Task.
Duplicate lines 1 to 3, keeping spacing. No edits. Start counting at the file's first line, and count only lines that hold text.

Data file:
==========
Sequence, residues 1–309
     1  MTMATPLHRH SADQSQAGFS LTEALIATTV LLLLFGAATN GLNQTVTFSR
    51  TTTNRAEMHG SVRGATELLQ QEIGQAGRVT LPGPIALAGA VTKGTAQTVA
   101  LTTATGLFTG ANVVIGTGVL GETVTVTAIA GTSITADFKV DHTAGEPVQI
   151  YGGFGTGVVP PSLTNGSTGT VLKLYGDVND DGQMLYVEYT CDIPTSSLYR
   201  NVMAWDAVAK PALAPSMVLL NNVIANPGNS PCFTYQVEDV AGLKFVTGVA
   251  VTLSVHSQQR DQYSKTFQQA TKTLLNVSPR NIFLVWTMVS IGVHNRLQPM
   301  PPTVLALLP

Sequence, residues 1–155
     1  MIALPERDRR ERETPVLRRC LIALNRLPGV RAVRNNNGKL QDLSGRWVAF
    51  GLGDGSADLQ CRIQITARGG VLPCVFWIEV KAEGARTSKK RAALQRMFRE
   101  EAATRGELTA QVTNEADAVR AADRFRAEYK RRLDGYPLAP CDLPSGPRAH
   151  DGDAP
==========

Sequence, residues 1–309
     1  MTMATPLHRH SADQSQAGFS LTEALIATTV LLLLFGAATN GLNQTVTFSR
    51  TTTNRAEMHG SVRGATELLQ QEIGQAGRVT LPGPIALAGA VTKGTAQTVA